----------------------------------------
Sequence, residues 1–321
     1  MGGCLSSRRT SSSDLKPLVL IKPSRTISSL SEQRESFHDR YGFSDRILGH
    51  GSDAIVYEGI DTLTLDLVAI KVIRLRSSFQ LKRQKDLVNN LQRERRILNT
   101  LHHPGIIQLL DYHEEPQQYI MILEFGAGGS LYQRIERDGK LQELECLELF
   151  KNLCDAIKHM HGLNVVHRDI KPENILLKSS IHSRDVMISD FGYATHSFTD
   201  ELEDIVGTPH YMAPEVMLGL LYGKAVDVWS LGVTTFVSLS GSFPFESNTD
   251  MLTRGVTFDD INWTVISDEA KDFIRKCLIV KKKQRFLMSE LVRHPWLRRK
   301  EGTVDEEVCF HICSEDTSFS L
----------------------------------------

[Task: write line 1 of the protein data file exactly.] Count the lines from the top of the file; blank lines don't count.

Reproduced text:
Sequence, residues 1–321